A Lady’s Guide to Fortune Hunting
Back in the days when I ran a food and drink website, I regularly had people applying to write for me who intentionally emulated the style of Anthony Bourdain. When I would reply to them and tell them to find their own voice, they would get angry at me. “I want to be the next Bourdain!” they’d write back emphatically. But here’s the thing, we only ever needed one Bourdain. Everything else, every person who wrote anything in a style of flowery, meandering prose punctuated with sharpish observations of the world, would always be second rate. Solely because they weren’t Anthony Bourdain. And it wasn’t that their stories, or observations, were bad, or even badly written; it was just hard to get past how desperately they were trying to be like someone else.
Such is the case with writers who emulate Jane Austen.
I get that the Regency era is hot right now. I get that the fashions are fun and that the etiquette and social rules of the time make for lots of opportunities for the drama, intrigue and misunderstandings that are the backbone of a good story, romance or otherwise. But there’s got to be some plotline other than of a plucky young woman fighting for her family, or against the unfairness of social hierarchy, who overcomes the odds and falls in love with her (rich!) nemesis. As much as I want to adore Kitty Talbot, out on the hunt for a rich man to save her household of young, orphaned women from certain ruin, I just can’t help reading A Lady’s Guide to Fortune Hunting and thinking how this is just trying to be so, so hard to emulate Austen.
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This New York Times best-seller is getting a lot of press and the folks who like it really like it. As in, book club picks, and a Netflix movie deal with the main character already cast. However, readers who dislike it, really dislike it. Both sides have valid points.
Molly the maid (really) works in a grand hotel and digs her job. The order and cleanliness and restoring rooms to a state of perfection make her very happy. Molly misses a lot of social cues and people around her mostly think she’s weird. It’s never explicit that Molly is neurodivergent but Prose gives so many signs that she might as well hit the reader smack in the face with a big cartoon-style diagram that says “Autism Spectrum”.
One day while cleaning rooms, Molly finds a dead body. Comes with the job when you’re hotel housekeeping staff, honestly. And then Molly gets framed for killing the dead guy. Also a standard occupational hazard. Being the polite, naive soul that she is, with no one to guide her since her Gran passed away some months previous, Molly has put her trust in the wrong people.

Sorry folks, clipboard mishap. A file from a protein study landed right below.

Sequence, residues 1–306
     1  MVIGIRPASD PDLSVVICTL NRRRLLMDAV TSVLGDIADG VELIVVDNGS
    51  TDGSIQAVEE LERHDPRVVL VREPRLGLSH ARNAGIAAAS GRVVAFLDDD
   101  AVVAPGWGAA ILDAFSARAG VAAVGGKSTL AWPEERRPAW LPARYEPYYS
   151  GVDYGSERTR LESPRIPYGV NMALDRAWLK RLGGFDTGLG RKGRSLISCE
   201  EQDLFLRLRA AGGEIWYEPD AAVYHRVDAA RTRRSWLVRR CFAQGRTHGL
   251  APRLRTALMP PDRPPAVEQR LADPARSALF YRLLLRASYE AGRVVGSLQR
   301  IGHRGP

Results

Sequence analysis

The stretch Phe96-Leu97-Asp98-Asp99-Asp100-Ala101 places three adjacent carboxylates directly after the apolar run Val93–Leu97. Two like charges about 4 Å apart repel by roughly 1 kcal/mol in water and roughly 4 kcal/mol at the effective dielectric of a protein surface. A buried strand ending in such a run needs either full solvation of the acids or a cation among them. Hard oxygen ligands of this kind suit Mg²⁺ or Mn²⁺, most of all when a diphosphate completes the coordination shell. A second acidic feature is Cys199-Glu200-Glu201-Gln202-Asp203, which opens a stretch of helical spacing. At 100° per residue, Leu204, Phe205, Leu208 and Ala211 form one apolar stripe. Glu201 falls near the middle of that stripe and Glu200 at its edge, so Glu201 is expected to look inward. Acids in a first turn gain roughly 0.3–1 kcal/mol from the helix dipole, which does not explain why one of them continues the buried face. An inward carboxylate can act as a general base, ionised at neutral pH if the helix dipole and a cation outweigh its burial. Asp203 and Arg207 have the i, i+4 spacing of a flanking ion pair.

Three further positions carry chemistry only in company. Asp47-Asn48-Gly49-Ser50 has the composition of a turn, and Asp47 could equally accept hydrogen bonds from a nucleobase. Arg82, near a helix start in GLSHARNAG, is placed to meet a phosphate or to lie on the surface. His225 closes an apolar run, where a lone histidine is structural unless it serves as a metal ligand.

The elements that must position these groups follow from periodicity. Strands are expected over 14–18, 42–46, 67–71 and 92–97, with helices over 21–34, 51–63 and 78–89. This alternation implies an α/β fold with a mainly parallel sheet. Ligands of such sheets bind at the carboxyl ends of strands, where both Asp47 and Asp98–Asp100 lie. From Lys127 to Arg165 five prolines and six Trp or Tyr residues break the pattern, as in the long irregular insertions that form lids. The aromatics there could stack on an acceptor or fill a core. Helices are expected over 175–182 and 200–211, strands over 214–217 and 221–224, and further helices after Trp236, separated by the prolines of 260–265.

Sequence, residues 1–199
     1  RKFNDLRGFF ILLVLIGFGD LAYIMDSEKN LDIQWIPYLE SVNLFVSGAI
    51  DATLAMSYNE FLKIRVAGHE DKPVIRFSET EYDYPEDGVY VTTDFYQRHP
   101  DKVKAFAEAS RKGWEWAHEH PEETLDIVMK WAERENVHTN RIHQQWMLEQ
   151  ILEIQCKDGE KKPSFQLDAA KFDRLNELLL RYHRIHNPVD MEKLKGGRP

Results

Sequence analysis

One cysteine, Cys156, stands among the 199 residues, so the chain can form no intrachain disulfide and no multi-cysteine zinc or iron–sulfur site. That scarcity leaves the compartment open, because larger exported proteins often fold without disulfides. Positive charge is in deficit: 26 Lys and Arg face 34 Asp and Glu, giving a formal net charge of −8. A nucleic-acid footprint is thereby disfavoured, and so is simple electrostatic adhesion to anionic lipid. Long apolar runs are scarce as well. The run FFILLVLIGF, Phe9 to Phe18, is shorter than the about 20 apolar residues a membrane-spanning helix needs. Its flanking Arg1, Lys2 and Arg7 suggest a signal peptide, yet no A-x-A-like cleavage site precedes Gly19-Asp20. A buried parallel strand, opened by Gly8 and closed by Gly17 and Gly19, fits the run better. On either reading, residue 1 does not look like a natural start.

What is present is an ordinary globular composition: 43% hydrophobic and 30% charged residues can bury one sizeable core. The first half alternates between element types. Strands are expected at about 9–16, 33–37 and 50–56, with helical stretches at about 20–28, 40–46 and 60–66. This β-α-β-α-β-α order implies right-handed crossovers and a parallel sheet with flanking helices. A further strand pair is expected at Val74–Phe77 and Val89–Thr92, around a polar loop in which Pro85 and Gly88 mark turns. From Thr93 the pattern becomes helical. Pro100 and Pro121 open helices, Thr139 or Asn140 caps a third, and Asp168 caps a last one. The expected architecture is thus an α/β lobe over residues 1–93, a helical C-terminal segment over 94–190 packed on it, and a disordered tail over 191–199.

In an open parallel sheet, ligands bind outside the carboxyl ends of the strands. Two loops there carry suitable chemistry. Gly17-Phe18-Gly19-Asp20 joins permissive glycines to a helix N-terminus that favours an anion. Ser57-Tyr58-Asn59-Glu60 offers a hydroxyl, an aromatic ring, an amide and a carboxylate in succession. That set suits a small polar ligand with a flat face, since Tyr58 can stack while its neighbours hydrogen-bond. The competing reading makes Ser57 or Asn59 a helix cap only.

Continue reading “Book Review – The Maid”
When We Lost Our Heads
by Heather O’Neill
Heather O’Neill’s unique voice makes for engaging storytelling. Her interest in telling the stories of talented or precocious children, with recurring themes of circuses, repressive living situations such as schools or orphanages, special powers, and life-long relationships, make for books that read very much like fairy tales. In the process of visualizing O’Neill’s words, I see her stories as if they were animations of drawings by Edward Gorey.
How We Lost Our Heads is a tale of two girls in late 19th century Montreal, a grave accident, and the separation and then coming together (twice) of these same characters. In the interim, they lead very different lives, and come to represent two different ways of looking at the world.
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The Biscuit: The History of a Very British Indulgence
Tea and a biccie? The biscuit is ubiquitous in British culture (see what I did there?), but here in North America, there’s been a distortion of usage over the years. What we know in North America as a biscuit — a light, flaky, risen cake — is known as a scone in England. Crackers — a plain or savoury, dry, flat unleavened bread, cut into equal sized shapes — are biscuits, but biscuits can also be sweet, although they’re usually still plain. And what we call a cookie isn’t really a biscuit either, cookies being thicker, softer in the centre and containing other ingredients such as chocolate or fruit. The exception to this might be the shortbread and its ilk which can be both. Confused yet? Author Lizzie Collingham will enlighten you. Continue reading “Book Review – The Biscuit: The History of a Very British Indulgence”
by Miriam Toews
I usually give a book to the 10% mark, maybe 15% before deciding to keep going or pitch it; life is too short to read books you don’t enjoy. I started to really hate Fight Night at around the 60% mark, but stayed with it because I had invested the time. I’m glad I held out because the ending was worth the wait, but maaann… it was a tough slog to get there.